Holmes sets it up so that Watson arrives ahead of Smith and hides in 221B, so as to overhear the conversation which then ensues. Smith gloats over Holmes’ imminent demise and confesses to the murder of his nephew, a case which Holmes had a hand in cracking in the past. A signal of turning up the gas brings in the police, who Holmes had set up, and Watson is the witness to the confession. It’s then revealed that Holmes was faking his illness, all to trap Smith into a confession. That Watson was a) dense enough to believe Holmes really ill, and b) wasn’t completely incensed at Holmes doing this to him again (fake dying), is beyond me.

This episode, obviously named after the story, shares a little of the original plot. Sherlock becoming ill to gain Watson’s innocent help to trap Culverton Smith is still the center. Lots more going on, however, but you can see the skeleton is intact. What is interesting about this modernized version is that obviously Sherlock isn’t faking an illness, but actually using again–making himself actually ill. Also that it’s Mary’s dying wish that spurs him into this, not a past case and a villain to nab. At least, not mainly that.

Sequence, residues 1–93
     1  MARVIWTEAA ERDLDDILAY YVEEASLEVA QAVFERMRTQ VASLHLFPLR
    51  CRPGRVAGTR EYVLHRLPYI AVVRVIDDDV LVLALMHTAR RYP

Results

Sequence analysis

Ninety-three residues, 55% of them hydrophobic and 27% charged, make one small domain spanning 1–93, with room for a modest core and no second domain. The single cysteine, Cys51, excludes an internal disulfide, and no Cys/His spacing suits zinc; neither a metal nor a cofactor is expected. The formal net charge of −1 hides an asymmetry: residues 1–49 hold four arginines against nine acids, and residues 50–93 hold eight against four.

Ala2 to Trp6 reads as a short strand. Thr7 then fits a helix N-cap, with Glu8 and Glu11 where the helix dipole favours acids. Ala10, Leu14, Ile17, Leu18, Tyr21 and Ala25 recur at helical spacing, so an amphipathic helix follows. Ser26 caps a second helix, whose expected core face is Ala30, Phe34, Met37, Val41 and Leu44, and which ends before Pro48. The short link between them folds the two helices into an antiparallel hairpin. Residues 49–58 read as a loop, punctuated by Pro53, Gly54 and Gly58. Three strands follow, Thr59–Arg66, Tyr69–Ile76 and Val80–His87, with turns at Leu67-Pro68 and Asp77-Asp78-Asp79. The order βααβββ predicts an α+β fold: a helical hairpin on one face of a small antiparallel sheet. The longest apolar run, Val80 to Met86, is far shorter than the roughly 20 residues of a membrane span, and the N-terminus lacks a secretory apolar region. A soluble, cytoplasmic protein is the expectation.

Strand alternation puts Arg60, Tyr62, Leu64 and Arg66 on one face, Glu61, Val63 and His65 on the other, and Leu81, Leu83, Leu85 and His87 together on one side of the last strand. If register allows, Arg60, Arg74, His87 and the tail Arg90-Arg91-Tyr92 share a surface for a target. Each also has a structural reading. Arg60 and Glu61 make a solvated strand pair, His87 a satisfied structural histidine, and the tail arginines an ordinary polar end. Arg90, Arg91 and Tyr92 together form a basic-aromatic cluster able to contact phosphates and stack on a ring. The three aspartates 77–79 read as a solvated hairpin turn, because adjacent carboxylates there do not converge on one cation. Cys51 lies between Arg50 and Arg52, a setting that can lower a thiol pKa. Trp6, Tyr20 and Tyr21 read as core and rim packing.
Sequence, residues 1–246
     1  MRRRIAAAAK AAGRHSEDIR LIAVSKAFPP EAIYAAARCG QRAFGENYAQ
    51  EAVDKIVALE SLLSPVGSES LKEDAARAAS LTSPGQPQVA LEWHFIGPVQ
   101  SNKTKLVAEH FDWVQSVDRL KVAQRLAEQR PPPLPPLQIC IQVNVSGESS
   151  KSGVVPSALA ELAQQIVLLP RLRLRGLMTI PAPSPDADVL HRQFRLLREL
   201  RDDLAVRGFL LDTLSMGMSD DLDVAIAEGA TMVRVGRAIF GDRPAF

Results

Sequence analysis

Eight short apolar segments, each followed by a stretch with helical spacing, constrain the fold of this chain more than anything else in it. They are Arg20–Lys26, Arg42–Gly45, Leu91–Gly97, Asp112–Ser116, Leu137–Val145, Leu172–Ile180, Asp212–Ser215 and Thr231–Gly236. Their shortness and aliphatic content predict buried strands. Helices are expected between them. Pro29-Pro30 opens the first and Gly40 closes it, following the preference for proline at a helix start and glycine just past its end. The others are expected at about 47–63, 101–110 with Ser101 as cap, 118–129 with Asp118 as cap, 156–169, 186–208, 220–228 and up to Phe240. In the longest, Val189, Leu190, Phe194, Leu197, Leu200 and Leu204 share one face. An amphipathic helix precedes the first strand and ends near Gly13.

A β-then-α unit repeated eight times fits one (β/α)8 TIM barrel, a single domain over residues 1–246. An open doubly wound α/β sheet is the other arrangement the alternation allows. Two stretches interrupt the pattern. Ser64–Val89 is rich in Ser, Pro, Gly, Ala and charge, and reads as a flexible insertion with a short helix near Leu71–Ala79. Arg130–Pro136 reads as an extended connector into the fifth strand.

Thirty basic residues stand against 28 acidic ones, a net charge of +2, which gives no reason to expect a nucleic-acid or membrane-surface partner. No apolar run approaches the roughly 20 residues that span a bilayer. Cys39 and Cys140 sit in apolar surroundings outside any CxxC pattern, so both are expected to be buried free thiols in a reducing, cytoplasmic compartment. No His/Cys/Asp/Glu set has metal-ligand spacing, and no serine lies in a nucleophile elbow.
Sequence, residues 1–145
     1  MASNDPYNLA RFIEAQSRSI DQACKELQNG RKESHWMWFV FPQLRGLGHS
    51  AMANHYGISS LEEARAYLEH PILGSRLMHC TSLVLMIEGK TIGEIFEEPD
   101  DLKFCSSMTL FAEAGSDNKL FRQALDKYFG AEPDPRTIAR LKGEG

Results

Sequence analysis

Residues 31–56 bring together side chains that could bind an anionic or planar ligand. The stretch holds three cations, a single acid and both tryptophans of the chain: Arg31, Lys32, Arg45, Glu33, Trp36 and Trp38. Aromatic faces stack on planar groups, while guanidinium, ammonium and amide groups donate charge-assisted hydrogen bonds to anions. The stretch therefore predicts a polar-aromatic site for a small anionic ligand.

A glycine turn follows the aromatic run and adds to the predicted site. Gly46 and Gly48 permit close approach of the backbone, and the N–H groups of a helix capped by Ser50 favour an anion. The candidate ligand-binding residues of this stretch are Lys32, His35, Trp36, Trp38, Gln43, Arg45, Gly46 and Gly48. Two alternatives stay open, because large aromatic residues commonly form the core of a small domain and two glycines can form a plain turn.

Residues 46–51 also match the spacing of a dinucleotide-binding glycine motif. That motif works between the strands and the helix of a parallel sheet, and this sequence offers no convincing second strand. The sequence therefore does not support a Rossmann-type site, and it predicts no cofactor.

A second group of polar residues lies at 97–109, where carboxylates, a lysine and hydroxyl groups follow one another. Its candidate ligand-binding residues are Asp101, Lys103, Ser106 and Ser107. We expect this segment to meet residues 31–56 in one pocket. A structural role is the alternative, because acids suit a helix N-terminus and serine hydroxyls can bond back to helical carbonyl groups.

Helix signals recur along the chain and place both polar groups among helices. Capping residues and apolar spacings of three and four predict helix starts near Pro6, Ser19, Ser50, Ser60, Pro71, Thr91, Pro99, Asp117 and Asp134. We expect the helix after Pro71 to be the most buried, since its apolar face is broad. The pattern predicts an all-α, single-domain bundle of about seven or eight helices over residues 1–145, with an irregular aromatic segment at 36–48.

4) Culverton Smith Trump

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Maybe it’s just that, being American, I have Donald Trump parasitically on the brain right now. But I couldn’t help notice how Toby Jones’ (wonderfully) odious, slimy, smarmy portrayal of Culverton Smith contains so many nods to Trump himself and the Trump campaign that I can’t think it’s a coincidence but a commentary.